The attorney, Chuck Lanford, is the son of one of Clint’s friends, and for years the two men and their sons (including Parrish) went on an annual fishing trip with a whole crowd of other fathers and sons.  It is nice to deal with someone with whom I have some connection. 

Chuck advised me to seek guardianship of Parrish as a first step toward getting him to a safe place.  In the past, I was leery of guardianship, thinking it would make me responsible for his actions and criminal activity.  Chuck assured me that it did not.

He filled out a long document requesting the guardianship and I signed it and left, promising to drop by a check for $1500.00 tomorrow.

Shortly after I returned home, Parrish called wanting to know what Chuck said.  I could feel his back go up when I explained that I am seeking guardianship.  He insisted that he would not go to hospital.  He said he had lined up a boarding house through another inmate.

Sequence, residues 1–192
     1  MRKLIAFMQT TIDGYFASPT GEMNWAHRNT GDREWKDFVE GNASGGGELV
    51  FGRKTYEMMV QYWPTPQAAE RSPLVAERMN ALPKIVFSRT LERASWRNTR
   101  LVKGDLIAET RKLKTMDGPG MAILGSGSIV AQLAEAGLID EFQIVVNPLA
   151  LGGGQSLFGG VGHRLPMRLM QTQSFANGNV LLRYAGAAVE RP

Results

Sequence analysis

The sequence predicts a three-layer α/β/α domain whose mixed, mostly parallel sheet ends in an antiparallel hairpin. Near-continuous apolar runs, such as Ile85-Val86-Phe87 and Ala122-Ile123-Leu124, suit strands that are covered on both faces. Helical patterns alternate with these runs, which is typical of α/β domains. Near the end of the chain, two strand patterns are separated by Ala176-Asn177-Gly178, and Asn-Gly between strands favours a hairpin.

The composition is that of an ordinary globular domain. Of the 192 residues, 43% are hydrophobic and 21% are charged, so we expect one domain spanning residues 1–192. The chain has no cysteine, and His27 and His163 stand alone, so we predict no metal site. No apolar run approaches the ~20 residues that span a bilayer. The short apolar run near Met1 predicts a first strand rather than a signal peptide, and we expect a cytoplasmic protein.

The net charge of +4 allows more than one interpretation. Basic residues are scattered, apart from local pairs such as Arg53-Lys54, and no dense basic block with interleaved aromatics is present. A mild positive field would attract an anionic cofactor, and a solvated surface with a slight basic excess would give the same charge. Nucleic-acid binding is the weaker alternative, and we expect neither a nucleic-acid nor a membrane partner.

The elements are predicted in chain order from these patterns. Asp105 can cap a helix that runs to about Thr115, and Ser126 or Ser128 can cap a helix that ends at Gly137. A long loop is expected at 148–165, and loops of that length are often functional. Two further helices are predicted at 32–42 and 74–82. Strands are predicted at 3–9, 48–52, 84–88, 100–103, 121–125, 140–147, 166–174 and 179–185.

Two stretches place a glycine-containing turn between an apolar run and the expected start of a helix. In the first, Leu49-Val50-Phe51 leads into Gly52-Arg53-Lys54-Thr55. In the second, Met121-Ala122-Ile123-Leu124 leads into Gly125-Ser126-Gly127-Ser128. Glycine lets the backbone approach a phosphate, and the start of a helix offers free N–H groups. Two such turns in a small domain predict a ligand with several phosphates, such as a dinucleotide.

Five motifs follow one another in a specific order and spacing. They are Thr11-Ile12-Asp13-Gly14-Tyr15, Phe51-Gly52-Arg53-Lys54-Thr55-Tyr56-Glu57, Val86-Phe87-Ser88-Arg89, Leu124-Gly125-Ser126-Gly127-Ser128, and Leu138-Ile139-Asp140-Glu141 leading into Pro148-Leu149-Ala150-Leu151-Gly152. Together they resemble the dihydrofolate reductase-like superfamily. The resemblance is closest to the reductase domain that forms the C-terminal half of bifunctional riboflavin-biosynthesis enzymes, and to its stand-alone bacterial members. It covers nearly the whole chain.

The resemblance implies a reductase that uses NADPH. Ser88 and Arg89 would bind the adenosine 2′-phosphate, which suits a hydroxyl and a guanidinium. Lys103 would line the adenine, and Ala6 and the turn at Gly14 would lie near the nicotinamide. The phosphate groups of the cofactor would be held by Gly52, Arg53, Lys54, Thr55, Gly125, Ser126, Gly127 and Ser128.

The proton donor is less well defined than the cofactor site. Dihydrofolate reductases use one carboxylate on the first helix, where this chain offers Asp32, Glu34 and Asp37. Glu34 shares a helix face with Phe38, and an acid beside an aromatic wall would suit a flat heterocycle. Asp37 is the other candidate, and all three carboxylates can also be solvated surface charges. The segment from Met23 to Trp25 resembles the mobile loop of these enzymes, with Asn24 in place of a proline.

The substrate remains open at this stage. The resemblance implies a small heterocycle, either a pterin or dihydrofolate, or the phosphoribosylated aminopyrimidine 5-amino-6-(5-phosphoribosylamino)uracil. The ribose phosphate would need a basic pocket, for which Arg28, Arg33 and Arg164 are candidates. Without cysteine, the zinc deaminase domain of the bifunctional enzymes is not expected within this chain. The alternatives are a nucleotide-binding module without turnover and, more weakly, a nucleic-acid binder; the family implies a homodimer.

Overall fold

Chuck is planning to visit Parrish and talk to him and work out what he wants.  This takes a great deal of weight off of me.  My son is beginning to see me as the enemy.  

Sunday, January 13, 2013

Screaming Kids at the Bibb County Jail

The building is concrete block painted a harsh shade of orange-brown.  A few people mill around in the parking lot, smoking, their faces drawn.

Inside, two women sit at a desk beside the metal detector.  They check my ID and take my keys.  I walk through the detector, setting off its cold and judging beep.  One of the women takes a scanning rod and swipes it up and down my sides.  It sounds sharply as she moves it over the button of my jeans.  She directs me to the elevator, I step inside and touch “2.”

Again, concrete block for walls, and a wide hall that smells of dirt.  The floor is damp, adding to the pungent stink, and I walk several yards toward the open door on the right.  I second guess my decision to come. 

Before I reach the door, my ears are assaulted by the screams and screeches of several small children.  When I enter the room, the sounds echo off the walls in an ear splitting cacophony.  What are they doing here?  Their mothers and grandmothers are oblivious to the noise, but they see that I need help, and shout to offer it.